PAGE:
The Impact of the Coronavirus on K-12 Education - August 9, 2020
Winston Churchill said, “If you are going through hell, keep going.”
This should be the battle cry for all educators this school year. For a few, it might be that terrible or surprisingly more dreadful. The wartime British leader would have found the coronavirus a formidable opponent because it does to students what war does to soldiers.
Post-traumatic stress disorder (PTSD) has been on the radar of psychologists for decades. Men and women returning from war-torn regions who have encountered horrible scenes may languish over months or even years, battling through debilitating thoughts, feelings, or dreams about the event. Experiencing the loss of a friend or loved one, witnessing violence, and seeing people endure hardship can all lead to PTSD.
Austin Beutner, Superintendent of Los Angeles Unified School District, American’s second largest, said in an interview with Lester Hold on NBC Nightly News that trauma was the most important issue people were not discussing in the debate over school openings. Trauma is going to be an issue for adults and children alike.
Michigan’s lieutenant governor, Garlin Gilchrist, in a recent press conference revealed that 23 people he knew had died because of the coronavirus. Nobody knows if his situation is extreme as the research has not been done yet. Possibly, there might be a teacher, a principal or other school employee who has suffered through the same level of tragedy.
The problem is, PTSD increases the fight or flight response. It makes people anxious, irritable, and leads to disturbing dreams. These are not the characteristics for a successful educator. Getting the help may prove difficult because of the stigma. America does not do mental health well.
Growing up in a household with a mother suffering from mental health issues, taught me more than I ever wanted to know. The Black community seems to misunderstand mental health worse than mainstream America. Imagine what this school year will hold for over 130,000 K-12 schools across America, with some adults suffering from trauma. This is only one half of the Hell.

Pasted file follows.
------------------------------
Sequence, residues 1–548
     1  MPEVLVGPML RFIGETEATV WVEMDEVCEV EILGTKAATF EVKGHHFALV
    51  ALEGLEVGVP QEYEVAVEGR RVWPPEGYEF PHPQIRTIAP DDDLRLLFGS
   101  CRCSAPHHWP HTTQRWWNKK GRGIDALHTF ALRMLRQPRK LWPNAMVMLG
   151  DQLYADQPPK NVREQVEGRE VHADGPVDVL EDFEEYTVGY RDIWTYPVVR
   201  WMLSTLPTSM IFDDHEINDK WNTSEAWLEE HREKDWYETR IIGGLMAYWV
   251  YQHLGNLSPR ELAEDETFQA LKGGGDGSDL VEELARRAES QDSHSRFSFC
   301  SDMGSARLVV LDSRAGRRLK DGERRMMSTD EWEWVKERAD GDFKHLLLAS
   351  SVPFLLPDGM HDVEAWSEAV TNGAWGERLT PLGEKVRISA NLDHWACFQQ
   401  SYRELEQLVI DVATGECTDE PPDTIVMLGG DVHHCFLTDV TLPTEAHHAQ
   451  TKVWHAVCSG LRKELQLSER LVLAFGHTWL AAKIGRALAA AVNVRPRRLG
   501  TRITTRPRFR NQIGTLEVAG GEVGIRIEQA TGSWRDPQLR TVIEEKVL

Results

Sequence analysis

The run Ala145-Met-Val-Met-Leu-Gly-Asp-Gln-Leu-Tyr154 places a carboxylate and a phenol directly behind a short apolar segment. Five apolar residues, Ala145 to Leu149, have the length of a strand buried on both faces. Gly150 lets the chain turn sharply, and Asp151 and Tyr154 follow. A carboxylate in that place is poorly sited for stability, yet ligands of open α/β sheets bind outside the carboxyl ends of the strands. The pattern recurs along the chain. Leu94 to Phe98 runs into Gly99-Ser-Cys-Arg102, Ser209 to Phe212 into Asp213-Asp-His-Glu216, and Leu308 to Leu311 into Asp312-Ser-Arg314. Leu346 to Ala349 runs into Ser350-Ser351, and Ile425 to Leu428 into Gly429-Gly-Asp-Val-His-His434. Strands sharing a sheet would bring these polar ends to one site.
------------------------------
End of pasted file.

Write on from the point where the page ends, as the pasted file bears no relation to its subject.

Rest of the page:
My first teaching job was at a K-8 charter school on the Westside of Detroit in the Harmon Garden’s neighborhood. It was one of the poorest parts or one of the poorest cities in the country. The students were tough. I joined the staff the third week into the school year and was the third teacher for that eighth grade English class. One of my female students had a terrible attitude and we were like an oil and water. She was very disrespectful. Occasionally, she would cuss at me under her breathe. One day, she stormed out of class and bumped into me while leaving which was the final straw for me. I went to my boss and proclaimed that it’s either her or me. Someone had to leave.
This is when my assistant principal and school psychologist pulled me into a room and told me the girl’s story. She was the primary caregiver for her brother who had special needs and when she wasn’t taking care of him, she was working. They believed her work consisted of having sex with men for money to satisfy her mother’s drug habit. That was my first experience with childhood trauma. That is an extreme case, but thought-provoking for a time like this.